Tunku, for his part, seemed interested in journalists and what we saw and thought. I recall visiting him on my return from covering the Aquino assassination in 1983. As usual, we had coffee and a long chat.When I told him I had just been in the Philippines, he told me of the arrogance of the then-president Ferdinand Marcos towards our Agong a few years before.

During a cruise stopover in Manila, our ambassador had arranged for a visit by the Agong to Malacanyang Palace. When the Agong’s limousine arrived at the palace gate, Marcos ordered the car to stop and the Agong had to walk up the driveway to the palace. Our ambassador was aghast and protested. Finally Marcos relented and a great insult to Malaysia was averted.

“Even then Marcos showed his arrogance,” said Tunku. “Instead of coming to the door to greet our Agong, he stood behind the desk and made the Agong walk up to greet him.

“This was too much,” Tunku said indignantly.

Just before that fateful first meeting in 1978, close to 40 years ago, I remember my mother being quite excited that I was going to meet the great man himself. She called me up later to find out how it went, and asked:
“So, what was he like?”
So, what was he like. My memories are still vivid enough. Tunku had an ability to make you feel completely at ease, and to open up. There was always jovial laughter, but also a warmth and sincerity about him that you could feel were truly genuine. He was humble, human, respectful; he never talked down to you or lectured you, which is not always the case for men who have held position and power.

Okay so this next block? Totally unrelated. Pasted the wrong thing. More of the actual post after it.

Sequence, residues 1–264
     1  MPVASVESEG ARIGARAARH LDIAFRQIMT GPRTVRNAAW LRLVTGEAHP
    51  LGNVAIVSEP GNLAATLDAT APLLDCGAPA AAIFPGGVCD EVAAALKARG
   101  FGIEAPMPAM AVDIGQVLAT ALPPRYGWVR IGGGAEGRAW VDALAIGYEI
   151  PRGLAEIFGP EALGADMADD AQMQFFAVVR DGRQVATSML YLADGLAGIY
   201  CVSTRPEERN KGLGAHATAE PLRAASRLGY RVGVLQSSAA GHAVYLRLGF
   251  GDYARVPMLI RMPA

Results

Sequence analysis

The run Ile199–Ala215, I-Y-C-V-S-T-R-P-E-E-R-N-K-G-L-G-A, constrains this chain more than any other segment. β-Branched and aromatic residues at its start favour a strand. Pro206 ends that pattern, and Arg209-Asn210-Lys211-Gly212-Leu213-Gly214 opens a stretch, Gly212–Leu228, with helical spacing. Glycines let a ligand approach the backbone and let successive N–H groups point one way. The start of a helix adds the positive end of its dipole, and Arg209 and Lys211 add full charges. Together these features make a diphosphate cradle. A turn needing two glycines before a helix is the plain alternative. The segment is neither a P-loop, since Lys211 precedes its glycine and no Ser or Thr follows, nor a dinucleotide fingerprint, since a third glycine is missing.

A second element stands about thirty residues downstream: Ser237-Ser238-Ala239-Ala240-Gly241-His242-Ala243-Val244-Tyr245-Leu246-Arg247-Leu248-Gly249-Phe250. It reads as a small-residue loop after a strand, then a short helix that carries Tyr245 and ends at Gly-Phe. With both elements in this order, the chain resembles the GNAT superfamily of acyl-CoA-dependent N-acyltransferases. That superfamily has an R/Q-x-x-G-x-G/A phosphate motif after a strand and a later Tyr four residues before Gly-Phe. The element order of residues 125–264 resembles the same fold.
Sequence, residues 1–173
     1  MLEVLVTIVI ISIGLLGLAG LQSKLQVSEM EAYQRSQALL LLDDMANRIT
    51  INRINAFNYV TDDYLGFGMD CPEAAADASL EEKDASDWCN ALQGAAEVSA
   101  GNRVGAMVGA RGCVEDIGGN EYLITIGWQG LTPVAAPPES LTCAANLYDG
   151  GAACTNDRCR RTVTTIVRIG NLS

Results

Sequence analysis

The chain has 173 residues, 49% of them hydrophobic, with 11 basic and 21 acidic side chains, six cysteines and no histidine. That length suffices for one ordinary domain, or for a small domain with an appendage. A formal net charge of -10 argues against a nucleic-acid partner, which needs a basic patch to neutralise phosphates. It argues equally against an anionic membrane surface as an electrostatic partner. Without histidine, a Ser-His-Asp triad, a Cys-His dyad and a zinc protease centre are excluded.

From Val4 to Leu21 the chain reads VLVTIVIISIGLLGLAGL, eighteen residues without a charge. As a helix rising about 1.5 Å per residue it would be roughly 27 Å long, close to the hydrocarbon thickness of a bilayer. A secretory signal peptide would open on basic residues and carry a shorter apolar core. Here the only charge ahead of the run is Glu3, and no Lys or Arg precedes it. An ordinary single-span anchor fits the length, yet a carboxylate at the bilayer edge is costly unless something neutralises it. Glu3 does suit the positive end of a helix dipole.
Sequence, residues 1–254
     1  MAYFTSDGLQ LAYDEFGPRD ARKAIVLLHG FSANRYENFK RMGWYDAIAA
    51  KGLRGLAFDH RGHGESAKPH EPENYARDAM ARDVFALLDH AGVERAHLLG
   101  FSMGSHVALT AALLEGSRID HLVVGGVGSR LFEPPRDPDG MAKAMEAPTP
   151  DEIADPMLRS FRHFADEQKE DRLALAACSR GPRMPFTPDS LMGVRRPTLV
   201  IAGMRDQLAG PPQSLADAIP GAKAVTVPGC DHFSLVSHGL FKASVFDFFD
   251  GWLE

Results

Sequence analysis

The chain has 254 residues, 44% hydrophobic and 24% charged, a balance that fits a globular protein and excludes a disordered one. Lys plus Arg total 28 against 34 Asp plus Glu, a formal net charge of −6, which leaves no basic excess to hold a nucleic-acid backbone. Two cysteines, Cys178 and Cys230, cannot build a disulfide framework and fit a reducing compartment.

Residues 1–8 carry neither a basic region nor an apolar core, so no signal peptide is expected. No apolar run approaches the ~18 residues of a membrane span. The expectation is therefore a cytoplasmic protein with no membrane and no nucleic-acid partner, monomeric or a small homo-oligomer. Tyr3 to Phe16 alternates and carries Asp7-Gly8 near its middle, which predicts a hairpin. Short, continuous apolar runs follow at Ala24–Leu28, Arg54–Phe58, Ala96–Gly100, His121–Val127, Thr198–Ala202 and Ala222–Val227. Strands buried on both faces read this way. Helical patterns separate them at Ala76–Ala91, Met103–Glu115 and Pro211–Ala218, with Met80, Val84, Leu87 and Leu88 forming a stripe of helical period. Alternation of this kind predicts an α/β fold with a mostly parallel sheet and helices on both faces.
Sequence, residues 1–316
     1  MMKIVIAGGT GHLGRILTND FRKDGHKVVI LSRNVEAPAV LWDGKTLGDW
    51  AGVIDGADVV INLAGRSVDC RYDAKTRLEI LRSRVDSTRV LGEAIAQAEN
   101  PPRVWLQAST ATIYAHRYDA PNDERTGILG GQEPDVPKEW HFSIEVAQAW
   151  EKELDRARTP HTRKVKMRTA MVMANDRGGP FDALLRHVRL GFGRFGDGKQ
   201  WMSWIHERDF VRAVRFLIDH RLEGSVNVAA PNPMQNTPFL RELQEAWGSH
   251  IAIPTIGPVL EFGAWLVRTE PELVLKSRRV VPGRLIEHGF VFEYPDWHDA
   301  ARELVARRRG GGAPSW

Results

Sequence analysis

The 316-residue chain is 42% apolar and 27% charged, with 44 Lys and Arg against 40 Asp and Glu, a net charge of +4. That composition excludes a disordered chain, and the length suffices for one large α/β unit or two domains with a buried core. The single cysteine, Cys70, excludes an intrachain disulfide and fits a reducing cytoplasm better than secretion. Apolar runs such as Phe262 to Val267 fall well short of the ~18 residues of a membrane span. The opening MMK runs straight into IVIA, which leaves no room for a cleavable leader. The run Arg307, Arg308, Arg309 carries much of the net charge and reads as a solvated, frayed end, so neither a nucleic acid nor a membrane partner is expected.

It was easy for time to fly past in that living room in Ayer Rajah Road.

The Most Memorable Ride
I cannot to this day explain why Tunku would go out of his way to help a jobless eighteen-year-old Malay boy, a Chinese photojournalist without a passport, or the countlessother acts of kindness to others that marked his life.Many, I am sure, were never recorded but I hope at least they were not forgotten by the recipients of his compassion.

Tunku liked to explain this trait by relating the famous story of his mother, Che Menjelara, who claimed to be pregnant so that the Sultan would not punish the family of the Keeper of the Ruler’s Seal, as no harm could be done to others in a household expecting a child.When she eventually did become pregnant with Tunku, her compassion was passed on to him. “My complexion is dark because my mother told a white lie”, Tunku would chuckle.

He had no interest in material wealth, yet he enriched others with his gifts of empathy and compassion, his generosity and humility. Sometimes all you can do is count your blessings that your paths have somehow crossed.
On one occasion Tunku asked me how I had come to his house and how I planned to return to Tanjung Bungah. I told him I took a taxi and intended to walk to Pulau Tikus and take a bus back.

He said he could give me a lift to Pulau Tikus, since he went there most afternoons, to shop around in his favourite market.

In the car, his bodyguard Owen Chung sat in the front beside Samad. I sat proudly in the back beside Tunku as the limousine eased out of the driveway and cruised along the tree-lined Ayer Rajah Road, to Cantonment Road towards Pulau Tikus. That was the most memorable ride ever in my life.

 

kimgooilettertotheeditor-1

Kim Gooi is a veteran photojournalist who has contributed to some of the world’s most renowned publications, including Time, National Geographic andthe New York Times, as well as American, European and Japanese TV networks. He now resides in his hometown of Penang, pursuing his interests in the blues, holistic health, and taiji. His book  “The Poet of Keng Tung Jail” is available from Gerakbudaya Penang; Gallery 1921 Kampung Kolam